Smart by Design: Enhanced Materials, Fixtures and Fittings
The capabilities of materials, fixtures and fittings that are available to architects are increasingly being enhanced by technology. Here we look at some of those that are providing technological enhancements to the built environment
Described as “the world’s first fully smart skylight” by maker Sunquare, Smartsquare is a skylight that connects to smartphones and virtual assistants, including Apple’s Siri, Amazon’s Alexa and Google Home. This enables the skylight to be opened by voice command, while sensors also enable it to open and close automatically in response to a variety of factors, including weather, humidity, inside temperature, sunrise and sunset and the owner’s proximity to the building. It also features energy consumption monitoring, and can be integrated into a wider network of smart home technologies.
An alternative to traditional acoustic panels, Köral is an acoustic sculpture developed by AntiCAD and designed by Singapore-based design studio TakahashiLim. It has been created using algorithm-based parametric design principles, providing an unorthodox, sculptural form modelled on coral reefs. It is also made of a sustainable acoustic substrate, with fabric in either blue or red surrounding it, and is connected using 3D-printed joints.
LED technology has been utilised in lighting for some time, but Stefan Diez’s Guide lighting takes it to a new level. The LED source is embedded longitudinally into a glass, making it almost invisible and creating a fixture that glows across its surface without an apparent source. Part of a collection that includes pendant lamps and wall sconces, Guide is produced by Vibia, and is suitable for both residential and commercial projects.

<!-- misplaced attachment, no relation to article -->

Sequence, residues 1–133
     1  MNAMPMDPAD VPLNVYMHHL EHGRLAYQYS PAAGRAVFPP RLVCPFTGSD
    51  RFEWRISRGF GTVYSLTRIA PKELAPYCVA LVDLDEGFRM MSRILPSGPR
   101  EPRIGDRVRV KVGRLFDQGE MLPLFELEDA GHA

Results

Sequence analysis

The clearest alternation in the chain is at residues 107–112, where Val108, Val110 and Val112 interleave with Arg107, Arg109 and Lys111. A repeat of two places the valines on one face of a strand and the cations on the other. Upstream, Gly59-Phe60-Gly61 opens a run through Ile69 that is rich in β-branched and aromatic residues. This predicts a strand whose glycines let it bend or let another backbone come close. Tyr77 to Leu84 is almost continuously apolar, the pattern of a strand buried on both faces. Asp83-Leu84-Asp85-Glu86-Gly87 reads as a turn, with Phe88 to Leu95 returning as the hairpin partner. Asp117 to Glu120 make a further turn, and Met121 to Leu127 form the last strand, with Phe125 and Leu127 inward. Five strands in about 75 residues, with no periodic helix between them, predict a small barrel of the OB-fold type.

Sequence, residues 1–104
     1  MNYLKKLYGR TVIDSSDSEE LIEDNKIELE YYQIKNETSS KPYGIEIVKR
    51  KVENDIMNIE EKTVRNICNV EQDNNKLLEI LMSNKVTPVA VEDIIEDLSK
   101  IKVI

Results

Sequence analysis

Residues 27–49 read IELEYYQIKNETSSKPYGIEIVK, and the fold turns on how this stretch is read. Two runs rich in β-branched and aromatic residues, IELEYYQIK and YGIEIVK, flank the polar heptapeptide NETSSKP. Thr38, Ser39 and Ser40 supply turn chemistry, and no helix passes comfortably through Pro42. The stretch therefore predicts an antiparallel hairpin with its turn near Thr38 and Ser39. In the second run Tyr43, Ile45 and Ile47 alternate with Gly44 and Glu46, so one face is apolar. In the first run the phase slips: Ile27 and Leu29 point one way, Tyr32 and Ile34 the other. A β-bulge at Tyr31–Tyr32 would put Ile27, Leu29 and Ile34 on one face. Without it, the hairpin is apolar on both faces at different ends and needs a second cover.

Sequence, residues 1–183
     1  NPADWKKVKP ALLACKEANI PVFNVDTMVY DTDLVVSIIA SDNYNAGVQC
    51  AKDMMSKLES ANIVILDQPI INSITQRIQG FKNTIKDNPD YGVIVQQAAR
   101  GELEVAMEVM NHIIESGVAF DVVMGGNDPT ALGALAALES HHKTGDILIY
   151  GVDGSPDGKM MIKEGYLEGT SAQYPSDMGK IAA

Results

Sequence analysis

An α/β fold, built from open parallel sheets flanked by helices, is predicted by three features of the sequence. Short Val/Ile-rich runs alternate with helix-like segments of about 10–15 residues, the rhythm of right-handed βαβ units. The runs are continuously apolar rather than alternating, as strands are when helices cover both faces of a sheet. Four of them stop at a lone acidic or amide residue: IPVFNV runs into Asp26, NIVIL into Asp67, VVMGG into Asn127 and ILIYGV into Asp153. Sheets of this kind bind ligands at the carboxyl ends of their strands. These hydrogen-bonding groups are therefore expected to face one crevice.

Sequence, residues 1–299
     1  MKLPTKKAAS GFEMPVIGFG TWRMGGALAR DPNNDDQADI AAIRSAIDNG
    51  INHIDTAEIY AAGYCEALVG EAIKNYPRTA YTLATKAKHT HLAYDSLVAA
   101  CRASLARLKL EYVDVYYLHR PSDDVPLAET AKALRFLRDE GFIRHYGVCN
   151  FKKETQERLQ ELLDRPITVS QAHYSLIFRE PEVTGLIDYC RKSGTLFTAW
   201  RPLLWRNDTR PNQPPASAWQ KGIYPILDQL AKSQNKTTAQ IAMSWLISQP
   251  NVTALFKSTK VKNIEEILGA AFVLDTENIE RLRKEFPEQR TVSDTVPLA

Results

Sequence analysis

A novel material developed by Cymat Technologies, Alusion is a stabilised aluminium foam that is produced in panels of a variety of sizes and thicknesses. Designed for applications including cladding, fixtures and furniture, the material is produced with at least 20% recycled content, and has a flame spread of zero. It can also be powder coated in any colour required, and can be given additional coatings to enhance its naturally strong corrosion resistance. It also has strong acoustic absorption properties.
Cementitious 3D Construction Printing
A construction technique offered by Sika using its custom ink and VisoCrete-formulated mix, Cementitious 3D construction printing (3DCP) provides precise, efficient printing of structures, in parts of up to 5m. Sika promises accuracy of less than 1mm, and is offering its technology for the construction of prefabricated elements, landscape features, columns, facades and walls – among others. The technique offers reduced costs and wastes, and supports unusual and complex structures.